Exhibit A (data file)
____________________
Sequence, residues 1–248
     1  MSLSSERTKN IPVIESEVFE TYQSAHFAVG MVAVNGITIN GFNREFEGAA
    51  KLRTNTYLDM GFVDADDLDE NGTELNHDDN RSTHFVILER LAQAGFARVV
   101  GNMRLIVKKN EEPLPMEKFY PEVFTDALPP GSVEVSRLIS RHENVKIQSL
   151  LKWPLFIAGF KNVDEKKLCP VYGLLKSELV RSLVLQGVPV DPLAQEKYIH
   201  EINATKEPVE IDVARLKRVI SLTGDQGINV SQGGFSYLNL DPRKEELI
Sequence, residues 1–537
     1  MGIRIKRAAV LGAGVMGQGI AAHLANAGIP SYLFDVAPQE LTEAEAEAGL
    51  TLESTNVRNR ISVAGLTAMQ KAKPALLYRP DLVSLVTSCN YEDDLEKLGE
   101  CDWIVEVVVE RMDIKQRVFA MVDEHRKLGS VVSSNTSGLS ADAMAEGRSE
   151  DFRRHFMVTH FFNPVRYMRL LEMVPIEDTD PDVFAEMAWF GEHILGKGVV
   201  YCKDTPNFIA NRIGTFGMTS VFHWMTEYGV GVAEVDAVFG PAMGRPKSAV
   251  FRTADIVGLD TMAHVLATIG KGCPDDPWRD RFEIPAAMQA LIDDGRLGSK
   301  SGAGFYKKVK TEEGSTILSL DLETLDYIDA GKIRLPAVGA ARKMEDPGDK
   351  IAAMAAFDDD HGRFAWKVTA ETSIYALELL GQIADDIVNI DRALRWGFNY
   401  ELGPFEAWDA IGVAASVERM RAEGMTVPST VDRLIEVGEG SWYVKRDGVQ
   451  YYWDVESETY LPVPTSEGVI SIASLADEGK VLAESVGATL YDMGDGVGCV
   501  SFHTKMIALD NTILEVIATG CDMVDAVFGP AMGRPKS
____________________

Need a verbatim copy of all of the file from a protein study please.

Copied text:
Sequence, residues 1–248
     1  MSLSSERTKN IPVIESEVFE TYQSAHFAVG MVAVNGITIN GFNREFEGAA
    51  KLRTNTYLDM GFVDADDLDE NGTELNHDDN RSTHFVILER LAQAGFARVV
   101  GNMRLIVKKN EEPLPMEKFY PEVFTDALPP GSVEVSRLIS RHENVKIQSL
   151  LKWPLFIAGF KNVDEKKLCP VYGLLKSELV RSLVLQGVPV DPLAQEKYIH
   201  EINATKEPVE IDVARLKRVI SLTGDQGINV SQGGFSYLNL DPRKEELI
Sequence, residues 1–537
     1  MGIRIKRAAV LGAGVMGQGI AAHLANAGIP SYLFDVAPQE LTEAEAEAGL
    51  TLESTNVRNR ISVAGLTAMQ KAKPALLYRP DLVSLVTSCN YEDDLEKLGE
   101  CDWIVEVVVE RMDIKQRVFA MVDEHRKLGS VVSSNTSGLS ADAMAEGRSE
   151  DFRRHFMVTH FFNPVRYMRL LEMVPIEDTD PDVFAEMAWF GEHILGKGVV
   201  YCKDTPNFIA NRIGTFGMTS VFHWMTEYGV GVAEVDAVFG PAMGRPKSAV
   251  FRTADIVGLD TMAHVLATIG KGCPDDPWRD RFEIPAAMQA LIDDGRLGSK
   301  SGAGFYKKVK TEEGSTILSL DLETLDYIDA GKIRLPAVGA ARKMEDPGDK
   351  IAAMAAFDDD HGRFAWKVTA ETSIYALELL GQIADDIVNI DRALRWGFNY
   401  ELGPFEAWDA IGVAASVERM RAEGMTVPST VDRLIEVGEG SWYVKRDGVQ
   451  YYWDVESETY LPVPTSEGVI SIASLADEGK VLAESVGATL YDMGDGVGCV
   501  SFHTKMIALD NTILEVIATG CDMVDAVFGP AMGRPKS